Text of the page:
Adapting to Singapore's changing construction industry

One French observation he adopted was of “a clean working environment and construction site, where it’s very organised and you don’t see any rubbish. We might be working in a construction site, but that doesn’t mean we can’t be clean.”

With 80% of its projects in the private residential sector, Rich-Link Construction also handles the challenges of large and complicated condominium projects. With his game-changing views and management model, Loi says that the company can now “easily handle 10 to 15 projects without much effort, because everything has been synchronised”. He admits it’s tough when local governments are often issuing new construction compliance codes.

“Construction in Singapore isn’t the same as it was 10 years ago. People still believe that construction contractors never went to school, whereas they actually need to be very informed,” he comments.

“The tradespeople need to be knowledgeable in all areas of a project.” Loi predicts this old-fashioned work model will no longer survive. Working your way up from the bottom doesn’t work anymore,” he says, “as there are too many highly skilled areas that need constant attention.”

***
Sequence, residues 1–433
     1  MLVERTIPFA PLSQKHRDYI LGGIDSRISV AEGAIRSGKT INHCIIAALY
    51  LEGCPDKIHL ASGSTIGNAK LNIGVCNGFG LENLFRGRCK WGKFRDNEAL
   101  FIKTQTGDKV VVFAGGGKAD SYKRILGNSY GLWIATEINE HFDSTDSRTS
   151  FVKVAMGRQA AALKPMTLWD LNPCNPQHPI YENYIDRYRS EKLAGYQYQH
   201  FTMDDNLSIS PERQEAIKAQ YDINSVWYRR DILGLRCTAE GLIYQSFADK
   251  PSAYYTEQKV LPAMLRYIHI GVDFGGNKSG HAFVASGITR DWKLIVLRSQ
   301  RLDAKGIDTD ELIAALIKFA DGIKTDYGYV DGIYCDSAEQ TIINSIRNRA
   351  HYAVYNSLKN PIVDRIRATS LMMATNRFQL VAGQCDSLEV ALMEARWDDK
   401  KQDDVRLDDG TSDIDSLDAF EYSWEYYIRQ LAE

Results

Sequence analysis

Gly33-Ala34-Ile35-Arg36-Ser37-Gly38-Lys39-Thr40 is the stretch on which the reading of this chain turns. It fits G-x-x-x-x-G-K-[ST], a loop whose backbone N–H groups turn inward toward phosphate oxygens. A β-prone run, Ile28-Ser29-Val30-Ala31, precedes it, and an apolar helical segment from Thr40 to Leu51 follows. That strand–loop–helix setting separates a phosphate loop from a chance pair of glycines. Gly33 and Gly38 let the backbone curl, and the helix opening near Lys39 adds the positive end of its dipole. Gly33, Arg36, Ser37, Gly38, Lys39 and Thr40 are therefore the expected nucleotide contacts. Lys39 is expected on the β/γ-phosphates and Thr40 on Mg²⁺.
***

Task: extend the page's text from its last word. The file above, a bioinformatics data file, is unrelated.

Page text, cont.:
How Loi stays inspired & motivated to succeed

While things appear extremely busy at Rich-Link Construction, Loi says he still manages to weave in some down time. “I’m realistic about what I can and cannot do. You can’t be motivated all the time, but as long as you have a few hours of fantastically productive time each day, you’ll be inspired and get everything done.”

He shares that he gets his best ideas when driving and that he enjoys reading “articles that provoke me, because even I need a lot of motivation to continue. I believe that if I don’t think outside the box, nothing fantastic will come.” He’s persistent with his vision for the business and adds that, to him, things don’t happen by chance – he’s keen to erode the Chinese belief in luck and fate.

“You have to believe in yourself; it’s not because of your background or heritage. This is crucial for any industry, trade, or human being; otherwise, if you just want to do the same thing, no matter how hardworking you are, you will always be the same and there will be no growth.”